Android Headliner: HTC Nexus Phone, Saving Grace or Big Mistake?


OK, so this is going to be a touchy subject. Regardless of how HTC is currently doing, they do have a massive fan base and one which would love to see HTC back to its best. Of course, this is also Nexus and that in itself, is a difficult place to venture without expecting massive criticism. At the core of the question, HTC is not actually a company that currently needs saving. Yes, their last proper flagship device, the One M9 did not take to the market in the way that many had hoped. However, those who actually owned the device will tell you that it is a great device. So while the One M9 did not set the world alight, if the One M10 lands when it is supposed to and makes a proper impact this time, then HTC will be back in the game. Then there's the whole HTC Vive and Vive Pre business. While HTC are a little tight-lipped on the finer details – like the price, they do see to be taking virtual reality extremely seriously. HTC's own Cher Wang was recently reported implying that they view virtual reality as a more important industry than smartphones. If that sentiment is in any way true, then a new Nexus smartphone (or two) from HTC is unlikely to make any meaningful difference as HTC has already moved on to the next big thing.

But, and this is a very big BUT, this is Nexus. And regardless of everything else, making a Nexus device does have an impact on a manufacturer. While the impact is not necessarily in financial terms – as a Nexus device is not exactly the big selling devices some would like to believe, what Nexus devices do, is make a statement. They are Google's proof of concept and always employ hardware which is primarily designed to emphasize the software running on the device. And last year proved exactly how a Nexus device can make a big branding difference.


Up until recently, Huawei remained one of those brands which people knew the name of better than they actually knew the company. However when it was announced that Huawei would be making the next Nexus, suddenly people began paying far more attention to them. Not only was this a more of an unknown company than some of the other Nexus partners, but it was also the first time Google had called upon the services of a Chinese OEM. A move which many questioned in the build-up to the release of the Nexus 6P. In fact, right before the device was properly unveiled, many were still criticizing the Nexus 6P and what had been dubbed its ugly bump. You don't hear too much about the bump now, as since it arrived the Nexus 6P has quickly established itself as the hottest device around. A bump people are now proud to show off. Not to mention, a bump which inevitably led to Huawei closing out 2015 as one of the biggest manufacturers around.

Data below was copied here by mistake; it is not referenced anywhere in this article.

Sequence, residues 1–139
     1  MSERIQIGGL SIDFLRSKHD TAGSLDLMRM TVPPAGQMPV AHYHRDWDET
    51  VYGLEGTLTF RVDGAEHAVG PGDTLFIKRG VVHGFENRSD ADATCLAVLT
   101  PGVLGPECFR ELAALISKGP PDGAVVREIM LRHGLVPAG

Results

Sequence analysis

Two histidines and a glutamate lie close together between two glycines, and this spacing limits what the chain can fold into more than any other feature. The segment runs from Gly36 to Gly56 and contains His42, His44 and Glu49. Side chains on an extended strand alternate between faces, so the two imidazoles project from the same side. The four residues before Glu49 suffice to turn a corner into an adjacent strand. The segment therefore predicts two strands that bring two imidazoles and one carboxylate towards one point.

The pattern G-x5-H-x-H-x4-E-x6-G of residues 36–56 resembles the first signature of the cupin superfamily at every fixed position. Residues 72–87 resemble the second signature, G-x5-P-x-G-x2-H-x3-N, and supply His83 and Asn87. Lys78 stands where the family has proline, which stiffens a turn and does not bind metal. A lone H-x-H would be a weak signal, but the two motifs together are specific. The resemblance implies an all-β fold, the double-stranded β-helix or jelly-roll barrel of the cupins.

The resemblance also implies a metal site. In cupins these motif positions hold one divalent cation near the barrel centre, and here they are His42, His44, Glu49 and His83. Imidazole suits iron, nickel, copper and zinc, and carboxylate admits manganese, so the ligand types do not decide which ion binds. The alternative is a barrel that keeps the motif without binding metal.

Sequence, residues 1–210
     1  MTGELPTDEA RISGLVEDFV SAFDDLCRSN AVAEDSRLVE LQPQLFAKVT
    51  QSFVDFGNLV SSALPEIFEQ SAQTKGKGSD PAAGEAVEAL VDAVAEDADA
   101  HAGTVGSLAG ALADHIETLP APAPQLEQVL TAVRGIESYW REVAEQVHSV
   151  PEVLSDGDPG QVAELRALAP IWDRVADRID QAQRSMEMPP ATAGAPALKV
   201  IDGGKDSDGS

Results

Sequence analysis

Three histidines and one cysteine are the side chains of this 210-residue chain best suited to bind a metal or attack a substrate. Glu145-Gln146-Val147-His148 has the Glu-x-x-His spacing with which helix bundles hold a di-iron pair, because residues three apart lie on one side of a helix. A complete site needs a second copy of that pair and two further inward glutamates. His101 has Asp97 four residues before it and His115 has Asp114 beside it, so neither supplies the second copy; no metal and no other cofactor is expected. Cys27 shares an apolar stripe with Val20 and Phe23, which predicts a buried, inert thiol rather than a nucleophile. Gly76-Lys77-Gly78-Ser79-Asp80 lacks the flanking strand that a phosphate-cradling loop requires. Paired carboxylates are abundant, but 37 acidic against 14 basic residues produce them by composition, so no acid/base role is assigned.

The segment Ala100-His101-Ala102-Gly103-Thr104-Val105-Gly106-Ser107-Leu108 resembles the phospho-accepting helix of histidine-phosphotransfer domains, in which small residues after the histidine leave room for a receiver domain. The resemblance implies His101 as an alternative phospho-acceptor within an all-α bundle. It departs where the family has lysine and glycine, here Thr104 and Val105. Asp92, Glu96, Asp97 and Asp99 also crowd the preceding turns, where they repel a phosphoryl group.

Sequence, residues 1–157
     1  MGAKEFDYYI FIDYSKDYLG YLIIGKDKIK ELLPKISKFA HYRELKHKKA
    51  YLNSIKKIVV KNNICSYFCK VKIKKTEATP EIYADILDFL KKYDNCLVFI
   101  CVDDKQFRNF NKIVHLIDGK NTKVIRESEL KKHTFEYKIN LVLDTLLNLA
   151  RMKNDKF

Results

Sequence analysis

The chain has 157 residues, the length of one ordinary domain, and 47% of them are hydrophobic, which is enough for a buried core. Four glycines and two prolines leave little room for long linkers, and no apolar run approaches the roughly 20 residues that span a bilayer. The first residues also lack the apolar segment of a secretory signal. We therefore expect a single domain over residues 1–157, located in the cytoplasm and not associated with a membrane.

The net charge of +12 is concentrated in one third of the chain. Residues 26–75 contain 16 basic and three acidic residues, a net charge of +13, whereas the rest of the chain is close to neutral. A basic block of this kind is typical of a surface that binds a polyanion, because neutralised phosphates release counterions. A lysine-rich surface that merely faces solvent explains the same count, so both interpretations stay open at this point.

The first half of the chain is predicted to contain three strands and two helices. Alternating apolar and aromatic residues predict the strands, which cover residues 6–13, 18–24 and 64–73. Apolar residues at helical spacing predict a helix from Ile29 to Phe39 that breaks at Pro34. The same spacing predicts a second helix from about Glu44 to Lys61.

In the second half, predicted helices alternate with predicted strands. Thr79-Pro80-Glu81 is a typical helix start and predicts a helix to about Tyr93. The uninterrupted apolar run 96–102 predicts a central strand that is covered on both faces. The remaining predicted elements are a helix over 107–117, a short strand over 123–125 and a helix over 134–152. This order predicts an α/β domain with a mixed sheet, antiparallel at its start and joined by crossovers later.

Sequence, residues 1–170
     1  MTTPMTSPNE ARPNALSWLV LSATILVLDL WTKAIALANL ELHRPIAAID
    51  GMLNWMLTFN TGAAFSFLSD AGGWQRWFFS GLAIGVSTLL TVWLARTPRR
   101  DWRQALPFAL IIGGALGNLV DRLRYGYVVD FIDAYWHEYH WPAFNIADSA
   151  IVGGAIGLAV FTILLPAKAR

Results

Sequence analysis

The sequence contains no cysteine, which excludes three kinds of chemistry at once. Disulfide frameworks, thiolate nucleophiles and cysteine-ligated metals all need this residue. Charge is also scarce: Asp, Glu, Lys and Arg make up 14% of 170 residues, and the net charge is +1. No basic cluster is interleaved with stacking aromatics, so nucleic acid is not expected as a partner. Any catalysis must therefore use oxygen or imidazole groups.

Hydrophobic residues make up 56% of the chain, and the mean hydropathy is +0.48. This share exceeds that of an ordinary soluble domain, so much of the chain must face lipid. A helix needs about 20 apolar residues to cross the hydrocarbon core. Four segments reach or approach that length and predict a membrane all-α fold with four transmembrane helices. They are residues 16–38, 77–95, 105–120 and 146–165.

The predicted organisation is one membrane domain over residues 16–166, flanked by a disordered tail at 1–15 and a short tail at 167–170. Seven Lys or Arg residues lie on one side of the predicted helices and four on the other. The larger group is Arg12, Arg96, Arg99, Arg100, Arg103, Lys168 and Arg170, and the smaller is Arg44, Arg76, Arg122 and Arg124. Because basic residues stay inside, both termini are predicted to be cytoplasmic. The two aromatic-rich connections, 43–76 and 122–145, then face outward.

So, while building a Nexus smartphone won't necessarily guarantee a company big returns on their bottom line, it is extremely high profile and puts the name very much out there. While HTC do not really need publicity which leads to greater brand awareness, they do need some good publicity to counteract the heavily criticism they have endured over the last year. So bringing to market a Nexus smartphone could be just what injects the momentum back into the HTC bandwagon. Not to mention, if the company also brings to market a truly great M10 then they will close out 2016 with a winner at the start of the year and a winner at the end of year. More than likely, two of the biggest devices of the year. And that's not even taking into consideration, the third (2nd Nexus) smartphone that could be on the horizon.


Of course, whether it is a mistake or not will be largely dependent on the actual device(s). So what do we know about a possible HTC Nexus? Well, nothing really. In fact, depending on who you ask, the idea of HTC being the manufacturer behind the next Nexus is quite unlikely and the truth is, there is no evidence to suggest that HTC is actually onboard. However, there are two tips which have come through. The first tip, the one which has started the whole rumor ball rolling in the first place, is that HTC will release two Nexus smartphones, one with a 5-inch display and one with a 5.5-inch display. That is about the extent to the tip. The second tip which came through (the following day) suggested that the two codenames for the devices could be "T50" and "T55". Names which do obviously link neatly to the sizes of the two reported devices. So while the leaks are limited, they do (very superficially) fit together. While some can debate the authenticity of the first leak which came from a tipster via Weibo, the second leak is from a name who is very familiar around this parts. Not to mention, a tipster who already has a proven record when it comes to HTC insider information.